Adobe Edge: The World Does Not Revolve Around Apple
You could have easily predicted claims of a victorious Apple against Adobe, which had no other choice but give in to the movement dictated by the mighty Jobs and quietly bury a 15-year legacy of Flash, an animation format the company received in 2005 when it acquired Macromedia. Adobe's Flash is simply another casualty of the new world Apple wants it to be. Personally, I am not surprised of such opinions that are cultivated by what we generally describe as a distortion field continuum emanating from Cupertino. However, occasionally we ought to use common sense.
The HTML5 trend
Apple is far from being the visionary behind HTML5, as work on the new HTML already began in 2004 and is the brainchild of the Web Hypertext Application Technology Working Group (WHATWG). However, Apple may have been the loudest proponent of HTML5 initially and may have been the first big name betting on this horse. If we are honest, we have to admit that few of us paid attention to this new format before Apple said it would deny Flash access to its iOS platform for performance, security and power consumption reasons (while others claim it is really the closed platform approach that killed Flash on iOS - why would Apple enable Flash, if open Flash apps it could destroy the entire idea of a closed app store?) and favor HTML5 instead.
HTML5, which is a package of different standards and technologies, has been much more visible since the argument between Apple and Adobe has taken place and has developed a dynamic that is far beyond Apple and, quite frankly, isn't shaped by Apple as a controlling part anymore. Apple's own Safari browser isn't the most compatible HTML5 browser available today and the participation and standardization of what goes into HTML5 and not is at least equally driven by Google, Microsoft and Mozilla within the W3C.
Within two years, HTML5 has evolved from an Apple thought process that may have been born from an excuse why it had to kill Flash on iOS to a global movement with the conviction that HTML5 will be the future standard how web applications will be developed. It is a conviction that is shared by those who follow corporate interests as well as those who have the open web in mind, such as Mozilla. Whether we like it or not, HTML5 will become a powerful application layer for the Internet within a few years - the first application layer that will enable Internet applications and services that will look and feel like desktop applications today.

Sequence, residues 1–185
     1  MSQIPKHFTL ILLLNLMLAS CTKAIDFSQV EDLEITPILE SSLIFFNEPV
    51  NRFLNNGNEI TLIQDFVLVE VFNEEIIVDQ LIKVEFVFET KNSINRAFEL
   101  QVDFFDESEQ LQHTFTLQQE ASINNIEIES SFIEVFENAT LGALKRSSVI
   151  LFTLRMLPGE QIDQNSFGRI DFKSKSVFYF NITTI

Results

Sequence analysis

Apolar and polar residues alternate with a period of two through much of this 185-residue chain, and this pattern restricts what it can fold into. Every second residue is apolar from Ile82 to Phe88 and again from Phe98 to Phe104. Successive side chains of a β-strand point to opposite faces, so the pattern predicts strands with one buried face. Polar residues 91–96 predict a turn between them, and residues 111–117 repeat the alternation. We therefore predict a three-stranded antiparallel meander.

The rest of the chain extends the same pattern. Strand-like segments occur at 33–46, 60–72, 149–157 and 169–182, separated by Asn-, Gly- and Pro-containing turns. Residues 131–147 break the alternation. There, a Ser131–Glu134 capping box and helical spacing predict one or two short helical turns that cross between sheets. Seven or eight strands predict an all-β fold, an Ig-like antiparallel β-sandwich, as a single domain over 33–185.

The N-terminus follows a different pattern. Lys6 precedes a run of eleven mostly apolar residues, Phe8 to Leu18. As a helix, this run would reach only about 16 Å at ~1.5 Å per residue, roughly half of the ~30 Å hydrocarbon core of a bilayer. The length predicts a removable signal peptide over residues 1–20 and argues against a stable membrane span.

HTML5 is not an Apple trend. It is a global trend.
Adobe got Flash as a bonus to Macromedia's strong lineup of creative software in 2005. It was a time when Flash saw its star rise as developers learned how to take advantage of Flash in new ways and build applications around it. Apple's reasons why it wasn't supporting a format it could not control may have been shady, but it was no secret that Flash has always been a power and processor hog. As the world moved to mobile devices, these problems became more amplified. Years of failure to address core problems suddenly made Flash vulnerable. Adobe continued to promise improvements for the next version of Flash, and still does so today. But the time may run out one day and as the interest for HTML5 is increasing, the attention to Flash is declining.
As much as we can give Apple credit for getting the HTML5 ball rolling, Adobe's decision to offer an HTML5 design tool is unlikely the result of Adobe giving in to Apple. It is a reasonable business decision that answers to a global trend - a decision that is driven rather by opportunity than surrender.
While Adobe has received praise for its first attempt of creating Edge, the first reviews by those who are interested in the success HTML5 are less optimistic. Edge is based on timeline animations that are typical for Adobe and is being chastised for not using HTML5 technologies such as Canvas. At least among professional developers, Adobe is already risking a reputation of being able to deliver an HTML5 tool that caters to the open spirit of a technology that should only be limited by a designer's creativity.
The beginnings of Edge are reminiscent of the beginnings of the first animation tools for the web that were integrated into Photoshop (does anyone remember the first separate GIF animators and image slicers in Photoshop?) as well as the first release of Macromedia Dreamweaver, both of which were far from perfect and improved over time.
Adobe has a unique opportunity to transfer its reputation to an HTML5 design tool and needs to understand the audience it is creating this new software for. It has to be as capable as Flash is, but cater to the open and much more comprehensive mind of the HTML5 world.
This entire discussion has little to nothing to do with Apple. Apple may get its way by apps using HTML5, but the world outside of Apple is shaping HTML5. It is Adobe's opportunity to help shape this new app world.